Memorandum by the Acting Secretary of State to the Vice President of Liberia (Simpson)

In connection with a conversation which took place today between Vice President Simpson and Mr. Grew, the following represents an elaboration of some of the remarks made by Mr. Grew.

The sympathy with which for over a century the United States has regarded the efforts of the people of Liberia to establish and maintain their independence and to demonstrate their right to a place among progressive democratic countries has been expressed by many friendly acts. This interest is primarily responsible for the preservation of an independent Liberia during a period in which much of Africa was concerted into colonies and protectorates and it was probably the realization of the friendly interest of the United States in its welfare which on several occasions in the past caused Liberia to turn to the United States when in difficulties.

During the present World War the United States signed a Lend-Lease Agreement with Liberia providing for the financing and construction of new port and harbor works at Monrovia. United States technical experts have made geological studies in Liberia. Health and agricultural missions are actively engaged in programs of assistance; further programs for education and economic development are under study.

We have repeatedly interested ourselves in the relations of the colonists and later of the Government of Liberia with the native tribes. We recognize with pleasure the amendment of your Constitution this year, by which your Legislature is enlarged to include three representatives [Page 592] of these native tribes, also the efforts of President Tubman and his administration to correct abusive and corrupt practices on the part of hinterland officials.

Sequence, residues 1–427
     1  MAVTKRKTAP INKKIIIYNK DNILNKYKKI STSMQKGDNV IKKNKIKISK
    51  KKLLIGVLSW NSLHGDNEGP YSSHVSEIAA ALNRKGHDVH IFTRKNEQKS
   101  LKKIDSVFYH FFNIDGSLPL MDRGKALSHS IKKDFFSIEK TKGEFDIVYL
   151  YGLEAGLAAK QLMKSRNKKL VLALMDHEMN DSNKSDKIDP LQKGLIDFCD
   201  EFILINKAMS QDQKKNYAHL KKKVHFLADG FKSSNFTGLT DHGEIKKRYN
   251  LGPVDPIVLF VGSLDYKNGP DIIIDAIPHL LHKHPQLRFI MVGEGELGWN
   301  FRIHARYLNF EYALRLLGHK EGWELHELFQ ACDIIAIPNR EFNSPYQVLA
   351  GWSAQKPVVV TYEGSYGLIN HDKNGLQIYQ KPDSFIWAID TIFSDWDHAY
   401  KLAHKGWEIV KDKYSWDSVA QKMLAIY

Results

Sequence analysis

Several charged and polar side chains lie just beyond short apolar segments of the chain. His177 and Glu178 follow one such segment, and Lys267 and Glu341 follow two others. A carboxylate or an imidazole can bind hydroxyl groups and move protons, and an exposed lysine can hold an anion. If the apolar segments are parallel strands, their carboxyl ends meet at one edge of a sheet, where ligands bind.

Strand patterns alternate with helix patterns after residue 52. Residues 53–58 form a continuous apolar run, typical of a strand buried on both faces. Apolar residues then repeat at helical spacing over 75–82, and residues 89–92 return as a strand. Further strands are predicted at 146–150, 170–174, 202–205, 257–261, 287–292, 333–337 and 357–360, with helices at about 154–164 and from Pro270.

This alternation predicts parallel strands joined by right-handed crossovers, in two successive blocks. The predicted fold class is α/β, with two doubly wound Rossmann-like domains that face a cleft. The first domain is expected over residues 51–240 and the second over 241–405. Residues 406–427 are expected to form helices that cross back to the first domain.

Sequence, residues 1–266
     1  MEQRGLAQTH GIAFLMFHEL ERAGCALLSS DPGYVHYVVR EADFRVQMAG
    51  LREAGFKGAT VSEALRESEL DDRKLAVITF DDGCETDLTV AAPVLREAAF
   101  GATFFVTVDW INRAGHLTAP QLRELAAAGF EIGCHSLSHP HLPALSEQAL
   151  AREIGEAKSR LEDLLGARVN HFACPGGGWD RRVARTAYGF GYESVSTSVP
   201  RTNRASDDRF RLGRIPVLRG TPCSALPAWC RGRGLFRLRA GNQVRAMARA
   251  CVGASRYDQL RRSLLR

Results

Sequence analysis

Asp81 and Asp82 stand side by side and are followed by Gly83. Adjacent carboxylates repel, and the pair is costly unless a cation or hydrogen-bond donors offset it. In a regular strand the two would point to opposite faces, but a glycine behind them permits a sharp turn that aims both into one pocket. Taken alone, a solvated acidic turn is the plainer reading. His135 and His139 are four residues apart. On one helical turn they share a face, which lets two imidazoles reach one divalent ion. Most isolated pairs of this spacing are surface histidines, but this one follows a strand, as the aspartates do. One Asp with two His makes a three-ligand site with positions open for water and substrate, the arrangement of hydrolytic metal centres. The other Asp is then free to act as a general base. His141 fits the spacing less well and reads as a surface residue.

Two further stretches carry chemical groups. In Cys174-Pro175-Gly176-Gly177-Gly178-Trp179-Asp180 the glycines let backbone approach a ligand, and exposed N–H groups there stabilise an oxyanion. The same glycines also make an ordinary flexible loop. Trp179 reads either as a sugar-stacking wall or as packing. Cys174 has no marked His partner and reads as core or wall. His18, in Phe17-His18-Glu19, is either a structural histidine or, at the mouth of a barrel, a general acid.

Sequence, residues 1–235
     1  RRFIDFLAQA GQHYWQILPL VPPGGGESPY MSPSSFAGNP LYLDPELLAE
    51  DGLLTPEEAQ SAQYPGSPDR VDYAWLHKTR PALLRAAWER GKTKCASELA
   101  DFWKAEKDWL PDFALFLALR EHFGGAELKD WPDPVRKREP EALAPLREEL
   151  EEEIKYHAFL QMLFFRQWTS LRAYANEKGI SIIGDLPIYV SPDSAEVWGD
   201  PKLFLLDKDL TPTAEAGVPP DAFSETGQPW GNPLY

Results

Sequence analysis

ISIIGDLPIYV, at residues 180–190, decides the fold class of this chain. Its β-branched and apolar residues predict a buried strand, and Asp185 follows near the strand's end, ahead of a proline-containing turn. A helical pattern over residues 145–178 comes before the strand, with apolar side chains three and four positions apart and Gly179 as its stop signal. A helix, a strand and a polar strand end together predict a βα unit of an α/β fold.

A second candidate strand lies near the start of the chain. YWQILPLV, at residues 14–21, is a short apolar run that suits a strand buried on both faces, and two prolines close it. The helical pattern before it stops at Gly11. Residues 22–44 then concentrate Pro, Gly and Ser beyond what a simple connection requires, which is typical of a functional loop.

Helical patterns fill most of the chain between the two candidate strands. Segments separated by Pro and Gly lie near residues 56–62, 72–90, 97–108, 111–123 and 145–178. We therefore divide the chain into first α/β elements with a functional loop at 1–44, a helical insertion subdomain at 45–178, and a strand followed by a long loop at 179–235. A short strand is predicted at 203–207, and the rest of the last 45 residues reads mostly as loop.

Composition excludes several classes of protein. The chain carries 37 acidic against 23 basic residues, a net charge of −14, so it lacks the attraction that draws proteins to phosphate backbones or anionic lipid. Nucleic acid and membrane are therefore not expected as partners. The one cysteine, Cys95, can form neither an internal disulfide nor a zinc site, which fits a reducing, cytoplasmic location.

It is felt that the steps now being taken by your Government are favorable signs of progress in Liberia. They represent, however, only a beginning in the right direction. We feel very strongly that without far-reaching political and legislative reform the desired economic, social and educational progress in Liberia cannot be obtained and we feel equally strongly that present serious obstacles to progress should be removed.

At San Francisco the delegates of Liberia played an active and constructive role. They assisted in the preparation of a Charter to provide a system of international peace and security under which universal respect for the observance of human rights and fundamental freedoms may be achieved for all men and women without distinction as to race, language or religion. We are glad that Liberia has dedicated itself to a policy designed to achieve world-wide progress and better standards of living.

Financial and Economic Policy


The Liberian Government’s revenues for the ten year period ending December 31, 1944 are reported to have been as follows:

1935 $602,717.00
1936 784,065.00
1937 1,012,336.00
1938 883,328.00
1939 826,700.00
1940 749,583.00
1941 982,244.00
1942 1,005,272.00
1943 1,429,926.00
1944 1,598,400.00
Total $9,874,571.00

The average annual revenue has been slightly less than $1,000,000. The increase in receipts during 1943–1944 and those reported also for the first quarter of 1945 largely must be ascribed to wartime prosperity. Receipts at this level may continue for a short time, but without new sources of income based upon further economic development, it is unlikely that revenues equal to those of the last two years can be anticipated in the post-war period.

The creation of the new port at Monrovia is essential to the economic growth of Liberia, but it is, and will remain, ineffective and will entail annual expense unless the economic development for which it was designed is undertaken and the port used. Without such development [Page 593] it is impossible to foresee any substantial increase in the cargo volume to be handled through the new port. Monrovia now clears annually approximately 9,000 tons. The cost of operation of this port not including allowances for redredging or for breakwater repair is estimated at a figure slightly in excess of $100,000 annually. A substantial part of this amount may well become a charge on your Budget of Expenditures unless shipments are rapidly increased.

Exports and Imports

In 1944 the value of Liberian exports is reported at a little over $10,000,000. Of this sum $9,076,723 represented rubber, which amounted to 91.1% of the total exports. Raw gold, represented 8.2% of that total; an accumulation of approximately two years was included in the total 1944 gold export figures. The next largest export value piassava fiber, represented about one-half of 1% of the total.